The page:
The movie Little Fish has caused substantial chatter in the Australian film industry, which has been desperately trying to show the home team hasn’t lost the plot. Not only because the filmmakers lured Cate Blanchett back home for a lead role, but because it’s a genuinely brave film about a neglected part of our cultural landscape.
Director Rowan Woods, who made The Boys, plunges deep into the heart of Sydney’s west to the authentic Australian suburbs, where Aussie battlers collide with newer arrivals. Little Fish sounds broadly Australian in ways Neighbours does not, from the western suburb accents to the trackies and the ostentatious McMansions.
Blanchett plays Tracy Heart, a recovering addict trying to make something of her life. Working in a video store, she’s living with her mum (Noni Hazlehurst) and just waiting for the bank to approve her business loan. Everything seems on plan until the lives of those around her shift gear.
First, there’s Tracy’s junked father-figure, Lionel Dawson (Hugo Weaving). Lionel has a few problems of his own now his dealer and ex-lover Bradley The Jockey Thompson, coolly played by Sam Neill, announces he is retiring from his illegal activities. Then, her ex-junkie ex-boyfriend Jonny -“ 21 Jump Street’s Dustin Nguyen with a somewhat Kath & Kim tinged Aussie accent -“ shows up at the birthday of her brother Ray (Martin Henderson).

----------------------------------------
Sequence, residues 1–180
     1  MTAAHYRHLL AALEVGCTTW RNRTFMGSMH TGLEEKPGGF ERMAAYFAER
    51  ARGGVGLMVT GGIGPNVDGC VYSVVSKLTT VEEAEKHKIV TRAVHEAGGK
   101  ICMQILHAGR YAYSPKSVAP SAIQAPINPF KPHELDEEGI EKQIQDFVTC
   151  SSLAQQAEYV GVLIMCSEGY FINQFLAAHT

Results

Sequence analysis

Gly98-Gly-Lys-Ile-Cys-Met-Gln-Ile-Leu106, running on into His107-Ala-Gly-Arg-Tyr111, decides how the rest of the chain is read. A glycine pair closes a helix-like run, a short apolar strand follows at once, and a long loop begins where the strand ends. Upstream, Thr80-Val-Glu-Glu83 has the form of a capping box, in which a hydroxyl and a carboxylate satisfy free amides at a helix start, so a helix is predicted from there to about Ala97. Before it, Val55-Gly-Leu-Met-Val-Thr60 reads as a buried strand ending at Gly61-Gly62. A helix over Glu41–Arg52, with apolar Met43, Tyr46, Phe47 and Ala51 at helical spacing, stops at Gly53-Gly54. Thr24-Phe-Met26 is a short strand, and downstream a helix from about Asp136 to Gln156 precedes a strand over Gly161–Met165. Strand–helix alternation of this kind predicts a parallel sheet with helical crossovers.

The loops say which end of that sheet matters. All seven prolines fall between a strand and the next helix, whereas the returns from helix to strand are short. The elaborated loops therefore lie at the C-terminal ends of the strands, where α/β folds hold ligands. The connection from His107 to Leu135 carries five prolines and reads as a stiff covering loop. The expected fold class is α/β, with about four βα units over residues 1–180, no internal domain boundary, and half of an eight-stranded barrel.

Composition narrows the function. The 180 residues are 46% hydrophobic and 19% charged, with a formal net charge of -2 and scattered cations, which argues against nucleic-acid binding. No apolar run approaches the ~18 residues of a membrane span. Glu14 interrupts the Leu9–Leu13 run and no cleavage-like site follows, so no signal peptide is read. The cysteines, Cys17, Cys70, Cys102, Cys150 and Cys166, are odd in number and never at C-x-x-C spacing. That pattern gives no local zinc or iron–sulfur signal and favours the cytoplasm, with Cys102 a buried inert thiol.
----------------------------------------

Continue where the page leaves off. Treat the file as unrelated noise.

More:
Woods extracts some truly spectacular performances from his cast, especially Weaving who is heartbreakingly good as Lionel, the queer, junked-out ex-rugby league champion struggling for forgiveness from those he loves. Blanchett is powerful as she unglamorously balances Tracy’s fragility with the right amount of fiery self-preservation, and Hazlehurst, as Tracy’s mum, completely nails the hard-bitten battler of Sydney’s west and is a true star. Henderson brings a blend of nervousness and cocky bravado to Tracy’s younger brother, a two-bit dealer looking to swim with bigger fish like Moss (Joel Toebeck), The Jockey’s fixer.
Woods insists Little Fish is not a crime film, and it isn’t, even though the story does tumble into the terrain of drug deals and double crosses. Woods is more tuned to the Shakespearian tragedy of Tracy’s world and the challenges facing his richly crafted and unpredictable characters struggling to untangle their messy lives. If you want to believe in Australian cinema again, then Little Fish is the film to see.
Sydney Star Observer has 10 double passes plus 10 copies of the Little Fish CD soundtrack to give away to 10 lucky readers. The first 10 people to email us at firstname.lastname@example.org with their details will receive a double pass and CD, which they can pick up from our office.